Louise Steinman at the LARB:
IN 1970, when artist Robert Smithson first set his gaze on the Great Salt Lake’s Rozel Point Peninsula, he knew that he’d found the right site. Smithson was among a vanguard of artists in the late ’60s moving their work out into the landscape, freeing it from the containment of the gallery. Now he was determined to build an earthwork on a massive scale. Smithson had specific requirements: he wanted the color red — like the salt lakes he’d read about in Bolivia, their surface tinged in carnelian tones by micro-bacteria in the water. He wanted remote and he wanted vast — few to no markers of human artifice — to fuck with the viewer’s sense of scale. He wanted a site that would itself inform what he wanted to build.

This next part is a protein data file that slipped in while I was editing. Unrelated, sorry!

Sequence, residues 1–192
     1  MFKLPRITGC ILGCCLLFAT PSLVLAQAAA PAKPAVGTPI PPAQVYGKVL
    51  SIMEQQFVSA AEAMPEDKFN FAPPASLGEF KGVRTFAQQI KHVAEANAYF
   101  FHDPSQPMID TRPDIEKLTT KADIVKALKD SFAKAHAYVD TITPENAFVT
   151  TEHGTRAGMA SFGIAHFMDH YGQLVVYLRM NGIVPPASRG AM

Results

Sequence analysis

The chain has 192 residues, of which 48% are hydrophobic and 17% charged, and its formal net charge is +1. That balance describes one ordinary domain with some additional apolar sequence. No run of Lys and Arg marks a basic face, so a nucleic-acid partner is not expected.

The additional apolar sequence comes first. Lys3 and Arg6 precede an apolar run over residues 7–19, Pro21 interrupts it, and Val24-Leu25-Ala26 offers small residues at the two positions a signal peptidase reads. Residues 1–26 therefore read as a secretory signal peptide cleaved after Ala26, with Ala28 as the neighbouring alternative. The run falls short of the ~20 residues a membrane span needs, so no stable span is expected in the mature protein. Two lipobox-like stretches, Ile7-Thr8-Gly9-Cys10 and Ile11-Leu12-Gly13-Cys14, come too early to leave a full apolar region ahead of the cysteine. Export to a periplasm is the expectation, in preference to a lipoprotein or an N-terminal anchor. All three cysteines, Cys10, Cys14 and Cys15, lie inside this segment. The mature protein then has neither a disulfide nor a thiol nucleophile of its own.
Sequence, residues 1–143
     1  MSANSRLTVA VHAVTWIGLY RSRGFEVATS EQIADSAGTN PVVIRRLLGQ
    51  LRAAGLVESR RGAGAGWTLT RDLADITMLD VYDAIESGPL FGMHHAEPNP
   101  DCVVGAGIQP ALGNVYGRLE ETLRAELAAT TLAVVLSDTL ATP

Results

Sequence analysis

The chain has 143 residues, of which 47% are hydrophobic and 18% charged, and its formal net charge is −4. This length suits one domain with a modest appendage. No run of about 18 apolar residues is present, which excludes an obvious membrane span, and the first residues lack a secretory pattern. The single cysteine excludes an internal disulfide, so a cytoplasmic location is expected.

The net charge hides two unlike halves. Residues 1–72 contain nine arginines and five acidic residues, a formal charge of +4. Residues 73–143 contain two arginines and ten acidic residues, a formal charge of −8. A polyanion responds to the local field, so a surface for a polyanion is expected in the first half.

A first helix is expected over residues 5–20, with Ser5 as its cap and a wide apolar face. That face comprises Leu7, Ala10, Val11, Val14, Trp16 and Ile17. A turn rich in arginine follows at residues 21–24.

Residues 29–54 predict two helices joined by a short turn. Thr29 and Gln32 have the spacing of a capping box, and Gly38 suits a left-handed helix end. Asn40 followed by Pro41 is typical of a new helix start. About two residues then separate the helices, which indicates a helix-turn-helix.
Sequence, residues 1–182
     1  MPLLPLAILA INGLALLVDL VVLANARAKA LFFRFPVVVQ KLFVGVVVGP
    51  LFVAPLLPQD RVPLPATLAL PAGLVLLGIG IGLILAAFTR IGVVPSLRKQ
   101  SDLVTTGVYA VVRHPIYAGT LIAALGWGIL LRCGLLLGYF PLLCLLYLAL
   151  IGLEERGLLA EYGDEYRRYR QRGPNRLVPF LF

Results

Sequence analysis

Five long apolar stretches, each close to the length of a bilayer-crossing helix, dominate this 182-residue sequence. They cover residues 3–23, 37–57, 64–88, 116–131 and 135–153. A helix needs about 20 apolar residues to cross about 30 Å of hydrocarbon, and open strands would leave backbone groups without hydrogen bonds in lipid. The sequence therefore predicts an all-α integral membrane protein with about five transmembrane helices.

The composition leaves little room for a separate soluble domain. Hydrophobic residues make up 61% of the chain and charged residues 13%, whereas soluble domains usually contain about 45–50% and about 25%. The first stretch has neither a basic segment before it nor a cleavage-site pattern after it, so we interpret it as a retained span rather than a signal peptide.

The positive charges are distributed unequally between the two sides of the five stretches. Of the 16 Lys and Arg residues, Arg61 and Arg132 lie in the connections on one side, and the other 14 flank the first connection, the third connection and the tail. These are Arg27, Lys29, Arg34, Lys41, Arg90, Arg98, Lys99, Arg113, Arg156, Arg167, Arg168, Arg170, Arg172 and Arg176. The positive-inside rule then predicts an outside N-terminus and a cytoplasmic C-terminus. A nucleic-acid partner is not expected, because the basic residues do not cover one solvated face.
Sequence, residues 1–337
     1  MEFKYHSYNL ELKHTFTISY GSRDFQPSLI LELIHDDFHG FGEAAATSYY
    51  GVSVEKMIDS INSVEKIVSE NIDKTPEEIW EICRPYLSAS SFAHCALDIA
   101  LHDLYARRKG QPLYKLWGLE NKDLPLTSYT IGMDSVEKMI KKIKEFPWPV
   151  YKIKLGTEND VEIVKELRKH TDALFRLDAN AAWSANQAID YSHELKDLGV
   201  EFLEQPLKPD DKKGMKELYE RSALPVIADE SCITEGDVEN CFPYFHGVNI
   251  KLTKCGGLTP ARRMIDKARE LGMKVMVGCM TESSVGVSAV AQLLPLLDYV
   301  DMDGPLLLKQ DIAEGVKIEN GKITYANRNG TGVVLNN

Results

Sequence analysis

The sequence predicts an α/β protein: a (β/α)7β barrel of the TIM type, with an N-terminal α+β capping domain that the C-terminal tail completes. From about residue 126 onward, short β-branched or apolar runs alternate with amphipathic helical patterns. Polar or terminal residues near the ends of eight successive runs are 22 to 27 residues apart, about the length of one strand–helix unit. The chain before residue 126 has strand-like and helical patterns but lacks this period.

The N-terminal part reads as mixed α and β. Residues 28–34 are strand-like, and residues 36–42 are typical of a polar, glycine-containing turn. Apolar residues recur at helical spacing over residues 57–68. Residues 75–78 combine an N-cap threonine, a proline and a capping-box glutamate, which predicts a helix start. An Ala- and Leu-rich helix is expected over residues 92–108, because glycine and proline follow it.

Smithson and his wife, artist Nancy Holt, scouted Great Salt Lake’s southern shore; but, as he later wrote in his 1972 essay “The Spiral Jetty,” the water wasn’t red enough. At another site near Syracuse, Utah, on the eastern side of the lake, they were shooed off by angry ranchers.